Islam is a progressive religion that encourages learning and beholds those who seek knowledge in a high regard. In fact, the first word revealed in the Quran is ‘Iqra’ meaning ‘Read.’ Seeking knowledge is a tenement of the faith and something greatly expounded upon; therefore, asking questions is not an action that is inhibited in Islam. Some ways that critical thinking can be seen in Islam is through the concepts of ijtihad, qiyas, tafakkur, from the verses of the Quran, and also from the Hadith of Prophet Muhammad (peace be upon him).
The word Ijtihad means to make an effort either physically or mentally on a particular issue. It refers to the ability of independent reasoning where after thoroughly examining an argument and comparing it with previous parallel arguments, one comes to a solution. Likewise, someone who wants to employ critical thinking would go through these motions. To do ijtihad, one will have to use the sponge and the panning-for-gold method of thinking. Sponging requires “knowledge acquisition” while panning-for-gold “stresses active interaction with knowledge as it is being acquired” (Browne and Keeley, 3). A person conducting ijtihad does both as they research and contemplate on what they are learning. However, it is a common understanding that someone who does ijtihad, called a mujtahid, should have knowledge of theology, the Quran, the Arabic language, and principles of jurisprudence which are basically some of the important sources of research
Similar to ijtihad is the concept of qiyas which denotes analogical reasoning and is mainly used on Islamic legal matters (Young and Sharma, 2004). This is because qiyas (and ijtihad) allow for jurists to create new laws based on the changing times of the world as the culture of daily life changes though these new laws are based on previously settled analogous claims. But unlike ijtihad, a layman can do qiyas on their own yet on smaller matters such as determining which direction one faces when praying when they don’t have an official guide to help them out. Qiyas doesn’t necessarily have to be done on religious matters. For example, if a person had an apple that is soft in some areas, they can use their logic and deduct (qiyas) that some of the apple might be rotten based on prior knowledge from either their experience or from learning about when fruits become rotten through books or teachers.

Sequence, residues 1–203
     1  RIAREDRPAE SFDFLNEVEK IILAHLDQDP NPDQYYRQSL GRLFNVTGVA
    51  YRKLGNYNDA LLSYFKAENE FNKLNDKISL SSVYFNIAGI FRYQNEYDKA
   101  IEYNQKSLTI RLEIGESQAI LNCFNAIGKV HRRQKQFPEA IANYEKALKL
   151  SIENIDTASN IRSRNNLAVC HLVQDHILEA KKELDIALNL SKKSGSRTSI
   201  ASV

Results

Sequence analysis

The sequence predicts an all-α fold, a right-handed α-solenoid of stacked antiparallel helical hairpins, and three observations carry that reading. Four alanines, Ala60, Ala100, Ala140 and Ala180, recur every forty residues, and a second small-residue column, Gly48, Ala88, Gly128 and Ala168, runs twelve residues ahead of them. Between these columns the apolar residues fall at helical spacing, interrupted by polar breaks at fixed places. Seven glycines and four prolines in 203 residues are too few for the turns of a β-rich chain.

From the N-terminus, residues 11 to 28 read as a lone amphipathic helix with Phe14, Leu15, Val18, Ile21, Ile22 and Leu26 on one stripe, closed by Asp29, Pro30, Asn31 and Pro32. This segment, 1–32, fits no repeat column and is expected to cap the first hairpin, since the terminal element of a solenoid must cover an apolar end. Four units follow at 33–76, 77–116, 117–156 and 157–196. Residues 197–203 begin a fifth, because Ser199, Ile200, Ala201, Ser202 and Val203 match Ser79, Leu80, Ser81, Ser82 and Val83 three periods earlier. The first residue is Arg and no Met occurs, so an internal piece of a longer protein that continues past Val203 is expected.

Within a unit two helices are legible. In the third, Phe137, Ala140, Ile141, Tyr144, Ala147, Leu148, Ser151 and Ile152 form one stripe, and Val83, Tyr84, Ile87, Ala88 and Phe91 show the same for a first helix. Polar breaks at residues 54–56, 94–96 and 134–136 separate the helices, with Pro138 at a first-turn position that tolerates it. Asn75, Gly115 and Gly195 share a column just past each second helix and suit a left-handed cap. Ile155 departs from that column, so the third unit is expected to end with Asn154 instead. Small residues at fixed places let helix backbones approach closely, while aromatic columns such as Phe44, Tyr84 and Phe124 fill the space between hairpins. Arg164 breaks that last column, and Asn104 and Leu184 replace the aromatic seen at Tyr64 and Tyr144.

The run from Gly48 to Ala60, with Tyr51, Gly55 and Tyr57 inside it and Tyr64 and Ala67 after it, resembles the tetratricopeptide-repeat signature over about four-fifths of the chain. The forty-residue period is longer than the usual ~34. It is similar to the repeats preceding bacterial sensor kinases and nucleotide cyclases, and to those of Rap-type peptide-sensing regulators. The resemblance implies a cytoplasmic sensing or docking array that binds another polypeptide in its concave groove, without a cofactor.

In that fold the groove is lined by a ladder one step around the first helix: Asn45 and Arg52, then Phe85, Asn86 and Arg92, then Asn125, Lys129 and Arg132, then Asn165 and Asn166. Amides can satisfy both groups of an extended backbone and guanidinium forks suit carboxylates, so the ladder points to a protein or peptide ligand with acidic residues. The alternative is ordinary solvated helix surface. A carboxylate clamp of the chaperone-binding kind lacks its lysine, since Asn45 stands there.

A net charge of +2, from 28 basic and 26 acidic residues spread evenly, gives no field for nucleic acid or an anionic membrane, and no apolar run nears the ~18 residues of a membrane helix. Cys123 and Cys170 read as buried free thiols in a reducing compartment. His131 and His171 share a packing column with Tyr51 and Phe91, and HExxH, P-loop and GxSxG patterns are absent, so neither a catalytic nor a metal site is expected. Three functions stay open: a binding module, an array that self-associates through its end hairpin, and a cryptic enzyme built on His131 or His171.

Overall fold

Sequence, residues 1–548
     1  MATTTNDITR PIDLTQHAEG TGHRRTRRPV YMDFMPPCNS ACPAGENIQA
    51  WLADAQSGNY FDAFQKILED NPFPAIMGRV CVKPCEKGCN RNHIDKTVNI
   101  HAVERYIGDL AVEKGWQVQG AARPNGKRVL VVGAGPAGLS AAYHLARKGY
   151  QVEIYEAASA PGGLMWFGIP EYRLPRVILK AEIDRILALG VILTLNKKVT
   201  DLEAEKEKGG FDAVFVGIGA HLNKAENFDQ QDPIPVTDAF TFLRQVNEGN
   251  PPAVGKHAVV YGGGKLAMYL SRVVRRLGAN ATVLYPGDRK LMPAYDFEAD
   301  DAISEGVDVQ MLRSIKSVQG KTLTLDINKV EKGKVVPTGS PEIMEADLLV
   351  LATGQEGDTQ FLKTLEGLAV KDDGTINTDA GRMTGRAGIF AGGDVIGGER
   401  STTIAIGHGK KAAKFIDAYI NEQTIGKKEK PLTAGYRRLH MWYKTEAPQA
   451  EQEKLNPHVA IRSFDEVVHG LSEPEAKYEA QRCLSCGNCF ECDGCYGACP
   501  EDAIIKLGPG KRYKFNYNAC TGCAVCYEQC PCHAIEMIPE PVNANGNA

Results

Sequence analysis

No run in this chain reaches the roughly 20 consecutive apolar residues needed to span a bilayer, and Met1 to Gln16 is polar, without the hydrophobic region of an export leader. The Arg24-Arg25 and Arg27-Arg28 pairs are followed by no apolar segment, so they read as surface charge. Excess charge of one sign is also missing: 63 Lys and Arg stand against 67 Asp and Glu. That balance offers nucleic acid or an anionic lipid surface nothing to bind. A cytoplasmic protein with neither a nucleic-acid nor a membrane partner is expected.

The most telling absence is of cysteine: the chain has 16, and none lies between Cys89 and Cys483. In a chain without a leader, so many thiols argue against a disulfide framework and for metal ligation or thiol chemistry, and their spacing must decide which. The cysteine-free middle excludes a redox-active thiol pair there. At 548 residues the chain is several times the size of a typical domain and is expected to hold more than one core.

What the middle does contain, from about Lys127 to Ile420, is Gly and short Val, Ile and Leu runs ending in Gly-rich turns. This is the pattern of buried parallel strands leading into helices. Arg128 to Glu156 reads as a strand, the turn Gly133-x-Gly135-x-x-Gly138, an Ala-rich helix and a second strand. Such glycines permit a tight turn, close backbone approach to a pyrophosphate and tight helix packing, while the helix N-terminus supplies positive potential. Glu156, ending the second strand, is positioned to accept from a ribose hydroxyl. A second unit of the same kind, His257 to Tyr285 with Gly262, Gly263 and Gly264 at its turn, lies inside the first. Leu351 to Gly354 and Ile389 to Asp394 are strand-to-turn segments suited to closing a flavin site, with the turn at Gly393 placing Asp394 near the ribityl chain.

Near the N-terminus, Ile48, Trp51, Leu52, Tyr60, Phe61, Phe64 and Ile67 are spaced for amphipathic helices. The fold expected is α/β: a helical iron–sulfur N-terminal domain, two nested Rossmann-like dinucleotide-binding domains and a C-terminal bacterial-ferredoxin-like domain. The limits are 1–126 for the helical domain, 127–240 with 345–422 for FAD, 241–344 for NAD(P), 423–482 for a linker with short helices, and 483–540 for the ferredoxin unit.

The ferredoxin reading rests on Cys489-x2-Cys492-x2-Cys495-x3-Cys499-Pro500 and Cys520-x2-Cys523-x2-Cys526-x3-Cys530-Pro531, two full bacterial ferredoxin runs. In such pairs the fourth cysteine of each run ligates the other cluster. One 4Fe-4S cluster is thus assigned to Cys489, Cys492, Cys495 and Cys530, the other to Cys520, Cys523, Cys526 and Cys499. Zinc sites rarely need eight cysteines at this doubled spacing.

Furthermore, the word tafakkur is cited multiple times throughout the Quran. Tafakkur means to (intellectually) contemplate. It is also based on the reordering of previous knowledge to come to conclusions on unknown things. It is often used in religious reference but can be used otherwise as well. One of the places in the Quran where tafakkur is mentioned is in Surah (chapter) Al-Imran, verse 191, “Who remember[s] Allah while standing or sitting or [lying] on their sides and give thought to the creation of the heavens and the earth, [saying], ‘Our Lord, You did not create this aimlessly; exalted are You [above such a thing]; then protect us from the punishment of the Fire.’” The words ‘give thought to’ are translated as tafakkur in Arabic, indicating those who contemplate about the creation around them on earth and the creation seen of the heavens. One can also contemplate on the following (non-religious) topics:
- If we didn’t have legs, how would we walk from one place to another?
- What would happen if our teeth grew continuously like our hair?
- How does the gravitational pull of the moon keep waves on Earth perfectly controlled?
Therefore, while practicing tafakkur, one is being a critical thinker by reflecting and actively asking questions (Brown and Keeley, 5). Tafakkur is such an important concept that one of the greatest Imams in history, Imam Shafi’i, said that ‘Tafakkur sharpens one’s intelligence.’ Asides from tafakkur, there are other similar words mentioned in the Quran such as tafkir, tadabbur, and nazr which all revolve around the meaning of pondering and completely understanding motioning that Islam encourages thinking and questioning; it does not deter one from critically thinking.
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Badi, Jamal Ahmed. “Tafakkur from a Qur’anic Perspective.” Tafakkur 3.1 (2001).
Browne, M. Neil, and Stuart M. Keeley. Asking The Right Questions: A Guide To Critical Thinking. 10th ed. Upper Saddle River, NJ: Pearson, 2011. Print.
Esposito, John L. “The Oxford Encyclopedia of the Islamic World.” Oxford Reference (2009): n. pag. Web. 30 Nov. 2016.
Sharma, Arvind, and Katherine K. Young. “Chapter 7: Islam.” Her Voice, Her Faith: Women Speak On World Religions. Boulder, CO: Westview, 2004. 215-42. Print.
Vikor, Knut S. Between God and the Sultan: A History of Islamic Law. Oxford: Oxford UP, 2005. Print.